Covering the Gaps in Your Tax Planning: S-Corps and Licensed Professionals

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Any person who is self-employed is likely familiar with the burden of having to pay the full share of self-employment taxes which are normally split between an employer and an employee. Because this can be a significant drain on the taxpayer, one might choose to organize her business as an S-Corporation; this form allows the worker to split her earnings into wages which are subject to employment taxes, and shareholder distributions which are not. It is a very effective way to reduce tax liability, and as such the IRS is on the lookout for ways to undermine this structure and reassess the self-employment taxes that would be due if there were no S-Corporation.

A recent tax court case highlights a new prong of attack by the IRS in the war to collect: meaningful control by an S-Corporation over a professional employee. In brief, the IRS questioned whether a corporation (in this case an LLC) could possibly exercise meaningful control over an employee with a professional license who is accountable to some regulatory body. The argument is that if the corporation can’t meaningfully control the employee (because the license requires independent judgment), that all earnings belong to the employee, not the business, and are subject to self-employment taxes. The interesting part of the case is that while “meaningful control” is hard to define, the case was actually decided upon a few key facts and that is what professionals in S-corporations can mine to learn here:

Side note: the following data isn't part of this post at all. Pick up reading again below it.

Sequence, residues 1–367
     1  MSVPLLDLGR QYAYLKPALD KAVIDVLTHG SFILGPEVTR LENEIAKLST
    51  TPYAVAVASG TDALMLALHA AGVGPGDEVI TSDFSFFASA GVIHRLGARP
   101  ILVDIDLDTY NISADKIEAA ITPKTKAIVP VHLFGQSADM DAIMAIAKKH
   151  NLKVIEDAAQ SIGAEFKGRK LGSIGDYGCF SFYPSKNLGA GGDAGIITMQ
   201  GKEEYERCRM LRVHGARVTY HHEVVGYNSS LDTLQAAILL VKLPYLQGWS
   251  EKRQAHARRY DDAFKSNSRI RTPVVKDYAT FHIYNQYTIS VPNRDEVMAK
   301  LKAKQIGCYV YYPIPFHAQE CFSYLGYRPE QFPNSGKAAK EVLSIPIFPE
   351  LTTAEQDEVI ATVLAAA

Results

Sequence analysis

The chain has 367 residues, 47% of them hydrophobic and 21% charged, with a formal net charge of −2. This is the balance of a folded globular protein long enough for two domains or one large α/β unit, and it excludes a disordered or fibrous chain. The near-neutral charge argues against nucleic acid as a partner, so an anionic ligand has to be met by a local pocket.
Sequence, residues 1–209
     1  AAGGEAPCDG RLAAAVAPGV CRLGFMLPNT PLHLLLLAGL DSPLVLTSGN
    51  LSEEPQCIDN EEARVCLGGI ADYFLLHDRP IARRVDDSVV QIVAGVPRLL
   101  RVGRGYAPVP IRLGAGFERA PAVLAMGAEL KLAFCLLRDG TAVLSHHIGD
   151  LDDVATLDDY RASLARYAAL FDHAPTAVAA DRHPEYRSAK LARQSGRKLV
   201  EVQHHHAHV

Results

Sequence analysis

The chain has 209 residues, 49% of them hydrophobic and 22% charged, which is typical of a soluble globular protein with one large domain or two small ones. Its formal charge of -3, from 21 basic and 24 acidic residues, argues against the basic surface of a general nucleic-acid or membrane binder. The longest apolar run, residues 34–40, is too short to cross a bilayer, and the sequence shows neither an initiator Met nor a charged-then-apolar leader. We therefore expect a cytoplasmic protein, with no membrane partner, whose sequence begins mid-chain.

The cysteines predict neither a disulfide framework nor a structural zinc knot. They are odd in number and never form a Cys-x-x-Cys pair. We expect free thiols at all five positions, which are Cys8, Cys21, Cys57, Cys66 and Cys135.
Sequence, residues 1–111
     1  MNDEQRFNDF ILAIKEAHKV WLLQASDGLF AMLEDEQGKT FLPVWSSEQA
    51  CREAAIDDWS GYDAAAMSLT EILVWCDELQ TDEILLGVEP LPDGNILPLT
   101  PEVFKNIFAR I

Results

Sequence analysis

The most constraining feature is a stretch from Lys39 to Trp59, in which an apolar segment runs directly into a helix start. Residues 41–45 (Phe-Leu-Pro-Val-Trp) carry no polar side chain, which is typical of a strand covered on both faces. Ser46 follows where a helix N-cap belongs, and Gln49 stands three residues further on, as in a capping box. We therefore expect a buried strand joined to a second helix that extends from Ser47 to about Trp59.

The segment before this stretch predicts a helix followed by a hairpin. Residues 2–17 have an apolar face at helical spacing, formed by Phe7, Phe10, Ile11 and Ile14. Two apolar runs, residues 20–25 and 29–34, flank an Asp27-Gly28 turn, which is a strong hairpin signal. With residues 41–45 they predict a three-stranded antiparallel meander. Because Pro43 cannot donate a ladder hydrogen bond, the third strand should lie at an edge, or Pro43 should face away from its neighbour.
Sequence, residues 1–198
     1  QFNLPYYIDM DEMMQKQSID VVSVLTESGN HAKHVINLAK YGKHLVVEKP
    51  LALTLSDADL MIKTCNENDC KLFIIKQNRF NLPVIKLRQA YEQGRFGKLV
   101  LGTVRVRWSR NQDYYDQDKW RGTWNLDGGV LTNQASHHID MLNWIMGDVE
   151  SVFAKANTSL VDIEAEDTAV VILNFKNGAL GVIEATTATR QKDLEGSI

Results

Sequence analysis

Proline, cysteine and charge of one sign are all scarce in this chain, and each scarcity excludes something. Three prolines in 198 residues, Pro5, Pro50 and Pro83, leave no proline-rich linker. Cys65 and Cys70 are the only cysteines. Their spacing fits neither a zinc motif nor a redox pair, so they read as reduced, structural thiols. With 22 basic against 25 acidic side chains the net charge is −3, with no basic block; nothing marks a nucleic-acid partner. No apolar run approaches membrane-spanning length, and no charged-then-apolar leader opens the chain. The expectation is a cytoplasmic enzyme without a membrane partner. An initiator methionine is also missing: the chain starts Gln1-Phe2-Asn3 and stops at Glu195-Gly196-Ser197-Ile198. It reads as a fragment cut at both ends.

1. Get your business licensed with your regulatory body. By registering your business with or under your license you avoid the entire question of who is doing the controlling and who is getting paid for services.
  2. Write all contracts for services under the name of your business. Don’t give the IRS an advantage by ignoring the business you took the time to set up. Write all of your service contracts, leases, utility deposits and agreements under the name of your business.
  3. Create an employment agreement between yourself and the business. It may seem silly but you should do your best to define your relationship to your business and therefore who is in control. This is also a good opportunity to adopt an Accountable Plan for the reimbursement of business related expenses.

The IRS will continue to look for new ways to challenge taxpayers’ business planning to reduce their liability. If you pay attention and continue to shore up your plan, then you are much more likely to sustain your tax savings over the long term.

If you have any questions about your business structure, regulatory concerns, employment agreements or an accountable plan, contact an attorney at Nielsen Law Group for help. You can schedule your initial consultation by calling (480) 888-7111 or submitting a web request here.

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